Different degree subjects may have specific entry requirements to allow you to progress from the Foundation Year. Whilst not a condition of entry onto the Foundation Year, you will need to have met these by the time you complete the first year of this four year course.
The Foundation Year syllabus does not include any specific element of upskilling in English language and you are not entitled to apply for Accredited Prior Learning, AP(C)L into a Foundation Year.
How you will be taught
Please note that due to COVID-19 our delivery methods may be subject to change in 2021. You will be informed of any changes at the earliest opportunity.
There is no one-size-fits-all method of teaching at BGU – we shape our methods to suit each subject and each group, combining the best aspects of traditional university teaching with innovative techniques to promote student participation and interactivity.
You will be taught in a variety of ways, from lectures, tutorials and seminars, to practical workshops, coursework and work-based placements. Small group seminars and workshops will provide you with an opportunity to review issues raised in lectures, and you will be expected to carry out independent study.
Placements are a key part of degree study within many courses at BGU. They provide an enriching learning experience for you to apply the skills and knowledge you will gain from your course and, in doing so, give valuable real-world experience to boost your career.
During the Foundation Year, you will have opportunities to experience a range of formative and summative assessments. These include short-form writing, annotated bibliography, presentations, micro-teach, use of digital technologies, reflective journal and academic essay. Assessment strategies are designed to be supportive, build confidence and also aim to ensure you will develop the core skills required for successful study throughout your degree. Assessment strategies are balanced, comprehensive, diverse and inclusive, ensuring that you will experience a range of assessments to support your preparation for undergraduate study. All modules involve early, small and frequent informal and formal assessments, to ensure that you gain confidence in your knowledge and abilities as you progress through the Foundation Year. You will also have the opportunity for self-evaluation and reflection on your own learning progress and development of skills.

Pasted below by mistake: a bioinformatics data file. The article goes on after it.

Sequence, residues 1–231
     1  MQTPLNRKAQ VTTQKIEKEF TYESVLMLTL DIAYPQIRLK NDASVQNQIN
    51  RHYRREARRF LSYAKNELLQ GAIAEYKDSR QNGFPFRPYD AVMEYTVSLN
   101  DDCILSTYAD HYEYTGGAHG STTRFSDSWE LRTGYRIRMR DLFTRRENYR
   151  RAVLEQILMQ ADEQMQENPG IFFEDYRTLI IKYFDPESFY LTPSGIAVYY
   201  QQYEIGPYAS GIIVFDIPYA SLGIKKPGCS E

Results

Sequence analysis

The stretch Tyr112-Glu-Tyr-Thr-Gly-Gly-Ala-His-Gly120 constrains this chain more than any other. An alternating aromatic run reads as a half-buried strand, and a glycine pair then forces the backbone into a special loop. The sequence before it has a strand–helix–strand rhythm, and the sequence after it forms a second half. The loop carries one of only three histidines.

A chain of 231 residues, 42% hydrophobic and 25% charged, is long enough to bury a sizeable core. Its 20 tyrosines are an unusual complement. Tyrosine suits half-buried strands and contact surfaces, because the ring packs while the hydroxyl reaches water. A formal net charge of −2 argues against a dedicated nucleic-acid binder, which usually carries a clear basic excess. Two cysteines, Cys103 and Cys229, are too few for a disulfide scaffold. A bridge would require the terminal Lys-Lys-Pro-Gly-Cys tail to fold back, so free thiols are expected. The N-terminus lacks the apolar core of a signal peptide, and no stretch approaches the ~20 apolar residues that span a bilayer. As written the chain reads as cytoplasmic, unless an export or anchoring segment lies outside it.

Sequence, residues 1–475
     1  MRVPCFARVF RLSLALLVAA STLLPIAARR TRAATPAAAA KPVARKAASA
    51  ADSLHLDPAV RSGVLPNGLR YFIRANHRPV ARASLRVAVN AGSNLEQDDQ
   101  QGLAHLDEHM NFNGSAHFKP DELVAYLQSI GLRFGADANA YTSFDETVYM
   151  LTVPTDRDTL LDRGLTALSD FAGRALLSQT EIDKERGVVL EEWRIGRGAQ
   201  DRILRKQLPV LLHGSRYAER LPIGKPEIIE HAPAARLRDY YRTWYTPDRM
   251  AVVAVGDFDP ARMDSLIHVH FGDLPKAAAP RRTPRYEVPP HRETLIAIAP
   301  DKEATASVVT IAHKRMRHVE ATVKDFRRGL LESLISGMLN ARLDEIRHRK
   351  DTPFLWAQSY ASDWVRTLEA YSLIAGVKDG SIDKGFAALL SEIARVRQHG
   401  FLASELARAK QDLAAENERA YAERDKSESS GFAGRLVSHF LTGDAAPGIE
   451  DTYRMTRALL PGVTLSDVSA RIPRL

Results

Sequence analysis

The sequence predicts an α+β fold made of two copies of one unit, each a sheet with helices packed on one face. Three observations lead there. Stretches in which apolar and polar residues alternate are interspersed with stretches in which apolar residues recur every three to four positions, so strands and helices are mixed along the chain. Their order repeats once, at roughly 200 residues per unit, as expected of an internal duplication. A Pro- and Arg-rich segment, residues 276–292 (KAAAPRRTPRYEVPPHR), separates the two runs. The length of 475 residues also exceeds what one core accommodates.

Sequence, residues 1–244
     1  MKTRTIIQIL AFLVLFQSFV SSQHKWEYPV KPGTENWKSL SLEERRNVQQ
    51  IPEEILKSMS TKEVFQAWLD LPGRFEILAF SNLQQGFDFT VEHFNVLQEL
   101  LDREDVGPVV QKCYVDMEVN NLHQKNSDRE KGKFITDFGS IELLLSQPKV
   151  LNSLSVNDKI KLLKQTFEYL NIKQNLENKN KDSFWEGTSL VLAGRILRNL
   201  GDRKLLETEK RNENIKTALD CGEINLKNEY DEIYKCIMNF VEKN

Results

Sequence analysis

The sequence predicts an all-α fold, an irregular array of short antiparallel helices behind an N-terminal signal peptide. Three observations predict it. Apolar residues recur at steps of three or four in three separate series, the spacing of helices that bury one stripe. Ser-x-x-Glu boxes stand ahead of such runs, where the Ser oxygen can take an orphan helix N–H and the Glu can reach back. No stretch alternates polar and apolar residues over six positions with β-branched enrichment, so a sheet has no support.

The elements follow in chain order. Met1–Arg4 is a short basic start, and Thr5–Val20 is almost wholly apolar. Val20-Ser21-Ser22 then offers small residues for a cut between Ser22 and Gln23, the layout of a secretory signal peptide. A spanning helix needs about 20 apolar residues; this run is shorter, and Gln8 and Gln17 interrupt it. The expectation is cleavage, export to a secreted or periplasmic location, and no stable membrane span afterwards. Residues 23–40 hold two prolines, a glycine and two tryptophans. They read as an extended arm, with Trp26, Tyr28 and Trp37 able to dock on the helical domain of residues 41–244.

We use a versatile range of assessments in Drama which reflect both the equal emphasis we place on theory and practice, and the importance we give to the future employment skills of our graduates. Theory-based assessment methods include analytical reports, student-led seminars, presentations, essays, dissertations, exhibitions of work and portfolios. More practical assessment methods may include analysed performances, group presentations, practical performances or large scale individual community placements.
Careers & Further study
Throughout our drama courses you will acquire a number of useful skills which can be transferred to the workplace, such as good communication skills, the ability to work effectively in groups and as an individual, good organisational and decision making skills, effective analytical skills, and the ability to apply theory to practice. Possible future careers for Drama graduates could include theatre management, drama therapy, or in teaching and academic careers. All Drama graduates may also find employment in the public or private sectors, in the creative industries, within the media, the tourism and leisure sector, or within education.
Studying at BGU is a student-centred experience. Staff and students work together in a friendly and supportive atmosphere as part of an intimate campus community. You will know every member of staff personally and feel confident approaching them for help and advice, and staff members will recognise you, not just by sight, but as an individual with unique talents and interests.
We will be there to support you, personally and academically, from induction to graduation.
Fees & Finance
A lot of student finance information is available from numerous sources, but it is sometimes confusing and contradictory. That’s why at BGU we try to give you all the information and support we can to help to throughout the process. Our Student Advice team are experts in helping you sort out the funding arrangements for your studies, offering a range of services to guide you through all aspects of student finance step by step.
Undergraduate course applicants must apply via UCAS using the relevant UCAS code. For 2021 entry, the application fee is £20 for a single choice, or £26 for more than one choice. For all applicants, there are full instructions at UCAS to make it as easy as possible for you to fill in your online application, plus help text where appropriate.